Wednesday, March 24, 2010

Sydney Bridge Upside Down
By David Ballantyne
Text Publishing, $32
Reviewed by Nicky Pellegrino

Australian publishers Text are developing a knack for rediscovering forgotten 20th century classics. Last year they revived interest in Australian writer Madelaine St John and her excellent The Women in Black. Now it’s the turn of David Ballantyne an NZ author and journalist who died back in 1986.
His curious and neglected literary masterpiece Sydney Bridge Upside Down, originally published in 1968, starts out feeling like a memoir of a golden Kiwi childhood. Its narrator Harry lives in a small bay on the edge of the world. It’s the summer holidays, his mother is away, there’s a cupboard full of home-made ginger beer and all there is to do is have adventures with his boyhood friends. There are clues that things will soon turn sinister but it’s easy enough to ignore them at first and settle into what seems like a classic coming-of-age story set in a bygone age of innocence.

It takes a while to realise that Harry is an unreliable narrator, not just because he’ s a boy and his view of the world is limited, but because he tries to portray himself in the best possible light. If he “bops” “dongs” and “puts the hammerlock” onto his friend Dibs that’s because he deserves it.  His adolescent lust for his visiting older cousin, the flirtatious Caroline, seems reasonable enough. His adventures appear innocent at first.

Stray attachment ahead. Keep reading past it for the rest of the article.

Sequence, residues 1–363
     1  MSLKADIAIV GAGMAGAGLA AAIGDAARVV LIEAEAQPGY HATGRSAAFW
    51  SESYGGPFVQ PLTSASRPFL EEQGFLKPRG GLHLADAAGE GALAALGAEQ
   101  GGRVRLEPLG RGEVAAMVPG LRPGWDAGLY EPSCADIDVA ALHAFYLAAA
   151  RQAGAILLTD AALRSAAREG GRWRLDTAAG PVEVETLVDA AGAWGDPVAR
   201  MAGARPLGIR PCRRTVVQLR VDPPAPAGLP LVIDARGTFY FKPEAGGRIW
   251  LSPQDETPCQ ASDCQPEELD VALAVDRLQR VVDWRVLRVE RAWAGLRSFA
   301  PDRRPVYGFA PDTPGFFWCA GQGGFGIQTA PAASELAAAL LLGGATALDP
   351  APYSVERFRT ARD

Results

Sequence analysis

Slowly Ballantyne builds a sense of threat. Harry’s favourite forbidden playground in an old abandoned meatworks, his unusual outlet for his sexual energy, his paranoia about the snoopy girl next door, all layer on the gothic atmosphere. Gradually we see the real Harry, the local bully, the sinister boy with darkness in his heart. But still it’s a shock when Ballantyne takes us right inside the character’s head and we begin trying to understand what’s really going on.

This new edition of the novel contains an introduction by Kate De Goldi. She talks of the story’s “haunting quality”, it’s “power” and it’s “beauty”. She exhorts the reader to pay attention to “what is not on the page” and describes the book as a thriller. It’s not of course, at least not in the modern sense. Loose ends aren’t neatly tied, questions are left unanswered. And yet more than 40 years after it was written this piece of fiction doesn’t feel dated. To me it has a Catcher in the Rye quality and a deceptive simplicity of style that would see it being marketed as Young Adult fiction if it were newly released today. It absolutely deserves to have been dusted off and served up to a new generation of readers.
Oh and the name? Sydney Bridge Upside Down  is a sway-back horse not a feat of engineering.

Nicky Pellegrino, in addition to being a succcesful author of popular fiction, (her latest The Italian Wedding was published in May 2009 while her next, Recipe for Life is due from Orionnext week), is also the Books Editor of the Herald on Sunday where the above piece was first published on 21 March.  

Footnote 2:
The republishing of Sydney Bridge Up side Down has awakened interest in the late David Ballantyne and his writing.It is timely to note then that the excellent, most-readable biography, After the Fireworks - A life of David Ballantyne by Bryan Reid (Auckland University Press) is still in print - $44.99